The SHIELD Premise
Today's public health crises challenge police departments like never before. Officers are called upon to protect community health in the COVID-19 pandemic. Officers are called upon to perform the roles of emergency responders and social workers in the current overdose crisis. They are asked to take on these responsibilities without the tools or training they need to succeed, without meaningful attention to the occupational safety and health risks these roles create – now in the face of unprecedented scrutiny, job insecurity, and diminished community relations.
SHIELD exists to give officers the tools they need to improve their occupational safety and health. Agencies that implement SHIELD's strategies improve both officer retention and community health and safety.
Starting in 2003, our team began exploring gaps in the implementation of legislation responding to the overdose crisis. We discovered that officers were deeply concerned about risks to their safety arising from enforcement activities in the crisis, such as threats of needlestick injury, bloodborne illness, and accidental fentanyl exposure. We also discovered that officers are often underinformed about changes in policies to implement updated laws.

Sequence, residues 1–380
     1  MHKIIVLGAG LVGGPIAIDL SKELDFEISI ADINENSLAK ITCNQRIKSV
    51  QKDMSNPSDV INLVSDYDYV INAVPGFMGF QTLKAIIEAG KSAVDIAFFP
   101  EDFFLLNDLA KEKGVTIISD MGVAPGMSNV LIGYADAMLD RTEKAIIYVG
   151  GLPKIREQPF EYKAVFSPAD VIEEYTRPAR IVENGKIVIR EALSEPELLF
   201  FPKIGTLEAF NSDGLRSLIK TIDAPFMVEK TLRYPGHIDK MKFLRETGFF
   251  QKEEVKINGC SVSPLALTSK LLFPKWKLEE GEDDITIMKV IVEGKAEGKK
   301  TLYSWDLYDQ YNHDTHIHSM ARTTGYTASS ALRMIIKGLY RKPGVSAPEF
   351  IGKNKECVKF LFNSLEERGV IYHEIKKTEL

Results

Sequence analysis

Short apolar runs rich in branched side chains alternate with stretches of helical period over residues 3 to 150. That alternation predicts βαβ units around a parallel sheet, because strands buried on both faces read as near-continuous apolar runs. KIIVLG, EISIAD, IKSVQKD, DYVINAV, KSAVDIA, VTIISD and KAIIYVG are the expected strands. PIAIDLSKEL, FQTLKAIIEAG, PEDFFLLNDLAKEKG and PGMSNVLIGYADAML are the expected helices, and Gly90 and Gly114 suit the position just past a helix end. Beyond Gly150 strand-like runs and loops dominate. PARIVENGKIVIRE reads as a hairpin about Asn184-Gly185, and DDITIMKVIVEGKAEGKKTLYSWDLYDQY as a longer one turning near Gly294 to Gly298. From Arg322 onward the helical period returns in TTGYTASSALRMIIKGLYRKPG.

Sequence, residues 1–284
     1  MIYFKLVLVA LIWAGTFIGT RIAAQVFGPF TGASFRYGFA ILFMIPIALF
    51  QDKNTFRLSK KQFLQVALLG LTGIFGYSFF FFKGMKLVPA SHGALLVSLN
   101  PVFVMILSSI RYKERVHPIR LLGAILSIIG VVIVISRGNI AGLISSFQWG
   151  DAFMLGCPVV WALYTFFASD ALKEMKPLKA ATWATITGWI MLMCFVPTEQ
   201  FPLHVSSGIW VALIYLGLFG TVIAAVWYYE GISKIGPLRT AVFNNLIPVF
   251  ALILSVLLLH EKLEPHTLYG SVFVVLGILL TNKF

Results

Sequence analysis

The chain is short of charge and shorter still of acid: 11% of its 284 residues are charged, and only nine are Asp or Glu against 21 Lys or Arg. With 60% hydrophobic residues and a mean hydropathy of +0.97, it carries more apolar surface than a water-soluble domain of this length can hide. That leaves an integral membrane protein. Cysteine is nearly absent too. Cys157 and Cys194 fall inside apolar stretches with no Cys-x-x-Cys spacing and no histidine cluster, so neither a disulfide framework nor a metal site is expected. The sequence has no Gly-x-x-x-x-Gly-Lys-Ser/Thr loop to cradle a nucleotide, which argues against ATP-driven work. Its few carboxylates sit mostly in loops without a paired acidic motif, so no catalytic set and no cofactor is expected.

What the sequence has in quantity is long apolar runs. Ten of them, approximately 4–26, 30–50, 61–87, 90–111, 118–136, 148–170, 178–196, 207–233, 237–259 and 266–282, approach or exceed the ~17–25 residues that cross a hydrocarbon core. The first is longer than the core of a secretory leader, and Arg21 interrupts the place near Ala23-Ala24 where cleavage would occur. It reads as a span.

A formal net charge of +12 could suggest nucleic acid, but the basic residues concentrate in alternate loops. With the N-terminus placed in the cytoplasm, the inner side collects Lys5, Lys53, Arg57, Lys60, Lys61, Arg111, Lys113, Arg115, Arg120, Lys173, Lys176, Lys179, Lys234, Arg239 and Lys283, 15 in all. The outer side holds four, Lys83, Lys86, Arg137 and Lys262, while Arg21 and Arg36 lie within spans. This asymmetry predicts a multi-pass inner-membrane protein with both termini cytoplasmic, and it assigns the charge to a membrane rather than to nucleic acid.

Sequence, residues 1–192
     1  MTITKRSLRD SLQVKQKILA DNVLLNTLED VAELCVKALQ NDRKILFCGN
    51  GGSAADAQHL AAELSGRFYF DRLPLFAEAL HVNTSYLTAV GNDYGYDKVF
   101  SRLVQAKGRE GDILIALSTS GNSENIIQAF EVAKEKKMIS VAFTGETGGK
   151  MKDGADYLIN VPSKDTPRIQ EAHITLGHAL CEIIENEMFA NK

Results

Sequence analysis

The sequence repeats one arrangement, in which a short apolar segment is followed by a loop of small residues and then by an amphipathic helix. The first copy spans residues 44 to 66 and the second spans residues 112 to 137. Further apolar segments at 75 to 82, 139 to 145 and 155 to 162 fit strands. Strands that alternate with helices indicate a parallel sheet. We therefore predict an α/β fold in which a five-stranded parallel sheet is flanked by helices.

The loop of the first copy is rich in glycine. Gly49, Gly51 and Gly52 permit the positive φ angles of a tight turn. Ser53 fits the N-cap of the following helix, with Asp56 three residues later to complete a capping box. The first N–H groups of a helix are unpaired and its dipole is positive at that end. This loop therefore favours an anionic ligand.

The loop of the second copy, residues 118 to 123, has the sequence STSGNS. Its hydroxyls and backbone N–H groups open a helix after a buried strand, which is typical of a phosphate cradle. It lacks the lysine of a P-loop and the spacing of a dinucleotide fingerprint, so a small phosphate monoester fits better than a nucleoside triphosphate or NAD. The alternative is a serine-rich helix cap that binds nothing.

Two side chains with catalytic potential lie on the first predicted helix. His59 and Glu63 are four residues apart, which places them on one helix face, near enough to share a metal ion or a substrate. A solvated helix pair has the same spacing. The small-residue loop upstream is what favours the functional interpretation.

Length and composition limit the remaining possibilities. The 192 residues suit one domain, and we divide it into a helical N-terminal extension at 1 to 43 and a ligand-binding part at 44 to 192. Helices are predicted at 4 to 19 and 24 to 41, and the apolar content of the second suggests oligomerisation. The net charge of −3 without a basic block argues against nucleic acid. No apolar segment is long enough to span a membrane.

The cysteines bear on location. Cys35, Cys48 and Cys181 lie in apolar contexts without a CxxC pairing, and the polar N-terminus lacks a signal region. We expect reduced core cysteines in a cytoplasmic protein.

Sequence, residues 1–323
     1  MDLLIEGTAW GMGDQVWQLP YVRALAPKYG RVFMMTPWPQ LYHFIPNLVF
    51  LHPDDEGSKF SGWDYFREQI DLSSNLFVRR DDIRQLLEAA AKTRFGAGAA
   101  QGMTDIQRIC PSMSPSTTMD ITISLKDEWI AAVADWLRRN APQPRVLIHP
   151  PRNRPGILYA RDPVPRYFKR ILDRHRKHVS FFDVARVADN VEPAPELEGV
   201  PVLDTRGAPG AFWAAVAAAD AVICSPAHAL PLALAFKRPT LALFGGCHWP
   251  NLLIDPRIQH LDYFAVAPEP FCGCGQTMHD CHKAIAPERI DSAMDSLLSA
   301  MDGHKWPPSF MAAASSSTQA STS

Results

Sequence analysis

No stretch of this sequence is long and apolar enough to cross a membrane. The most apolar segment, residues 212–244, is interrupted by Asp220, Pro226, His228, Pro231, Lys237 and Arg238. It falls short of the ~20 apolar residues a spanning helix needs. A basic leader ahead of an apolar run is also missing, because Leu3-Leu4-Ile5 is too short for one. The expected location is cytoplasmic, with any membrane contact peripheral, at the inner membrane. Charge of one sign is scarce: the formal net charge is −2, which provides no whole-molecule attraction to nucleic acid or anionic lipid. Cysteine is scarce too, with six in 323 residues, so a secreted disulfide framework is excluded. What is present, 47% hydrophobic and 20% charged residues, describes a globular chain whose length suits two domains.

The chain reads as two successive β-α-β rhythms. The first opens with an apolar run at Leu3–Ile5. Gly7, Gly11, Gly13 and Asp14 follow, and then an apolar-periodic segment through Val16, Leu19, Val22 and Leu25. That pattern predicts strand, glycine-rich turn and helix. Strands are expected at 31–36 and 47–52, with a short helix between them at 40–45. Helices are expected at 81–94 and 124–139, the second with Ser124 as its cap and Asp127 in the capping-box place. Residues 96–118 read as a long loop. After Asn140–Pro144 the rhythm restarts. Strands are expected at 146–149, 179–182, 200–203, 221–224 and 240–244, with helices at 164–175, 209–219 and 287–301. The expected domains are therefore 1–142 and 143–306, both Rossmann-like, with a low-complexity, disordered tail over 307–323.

The arrival of COVID-19 brings new occupational threats to officer safety and health. SHIELD offers strategies to protect officers and the public from infection while performing both new and traditional law enforcement duties.
How does SHIELD work?
Why SHIELD is Different
Our team’s premier knowledge base serves as the core foundation of the SHIELD (Safety and Health Integration in the Enforcement of Laws on Drugs) model. In contrast to other trainings, our model deploys targeted, practice-driven, and research-tested instructional techniques to harmonize police practices with overdose and COVID-19 response. Unlike off-the-shelf trainings, we customize the curriculum to specific jurisdictions, giving officers actionable knowledge – including contacts for linkages to services that reduce the work and stress burdens upon officers while reducing criminal behaviors – that they can implement immediately.